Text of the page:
Flatlander Faith

Apologetics from an Anabaptist perspective

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A more intense exercise

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The Canadian Heart and Stroke Foundation recommends aerobic exercise to improve cardiovascular health. That kind of exercise also improves energy levels, alertness, helps maintain a healthy weight, or lose weight if necessary, and avoid diabetes. Aerobic exercise can be any physical activity that raises your heart rate and is sustained for some time. Heart and Stroke recommends simple, low impact exercises, beginning with 15 minute sessions three days a week and working up to 30 minute sessions at least five days a week.

Is there a spiritual exercise that would do the same for our spiritual vitality? I wonder what kind of pictures pop into your mind in response to a question like that. More intense prayer and praise? I don’t know how to describe that, or just what it would do. Let’s start with something very basic.

The best way to increase our spiritual vitality is to get to know God better. After all, He is the source of spiritual life. I know of no better way to become better acquainted with God than to read His Word. Well, we do that already, don’t we? We also do some walking and other physical activity every day, too, but if we want to feel better we need to do more.

The Bible was not meant to be chopped up into little pieces and consumed one little bit at a time. That being said, most of us do read shorter passages during our normal devotional periods. But if we are looking for greater spiritual fitness, we must make a more intense effort to get the whole picture.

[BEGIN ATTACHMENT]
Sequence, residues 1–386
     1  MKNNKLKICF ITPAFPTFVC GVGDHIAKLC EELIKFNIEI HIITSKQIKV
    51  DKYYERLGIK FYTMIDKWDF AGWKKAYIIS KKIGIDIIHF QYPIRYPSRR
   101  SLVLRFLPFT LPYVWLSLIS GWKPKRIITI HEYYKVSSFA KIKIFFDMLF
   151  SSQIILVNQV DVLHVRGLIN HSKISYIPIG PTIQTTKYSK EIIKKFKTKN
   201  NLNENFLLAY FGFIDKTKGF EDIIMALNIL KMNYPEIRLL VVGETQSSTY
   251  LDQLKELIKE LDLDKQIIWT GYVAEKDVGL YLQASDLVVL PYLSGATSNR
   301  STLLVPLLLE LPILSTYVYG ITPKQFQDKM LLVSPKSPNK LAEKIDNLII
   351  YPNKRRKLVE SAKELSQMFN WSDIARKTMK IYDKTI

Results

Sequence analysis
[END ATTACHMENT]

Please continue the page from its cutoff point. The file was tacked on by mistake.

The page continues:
So here is the plan. Choose one book of the Bible and read it through in one setting. Don’t stop to analyse, just read it from beginning to end and let it sink in, a little of it anyway. Wait two days and then read it again. This time try to understand more of the big picture and how each part leads into the next. Wait two days again, then read it once more, out loud this time. Some things pop out when you read aloud that you hadn’t noticed before.

Not all books of the Bible can be read this way, but the New Testament epistles were intended to be read in churches from beginning to end. The Minor Prophets and many other shorter books should be read this way. The book of Job was probably originally told by shepherds around their campfires in the evening.

Later on, you may want to look at Bible dictionaries or commentaries, but forget them for now. Imagine you are back in the time the epistle or book was written and try to hear the message the divinely-inspired writer wanted you to hear.

If we only read short passages of the Bible, constantly skipping from one book of the Bible to another, we are like a person who looks at five pieces of a jigsaw puzzle and thinks he knows the whole picture. That is when the Bible seems obscure, mysterious, and not all that interesting. When we look at the whole picture we see details and aspects that we never knew were there. The Artist is speaking to us and we are revitalized.

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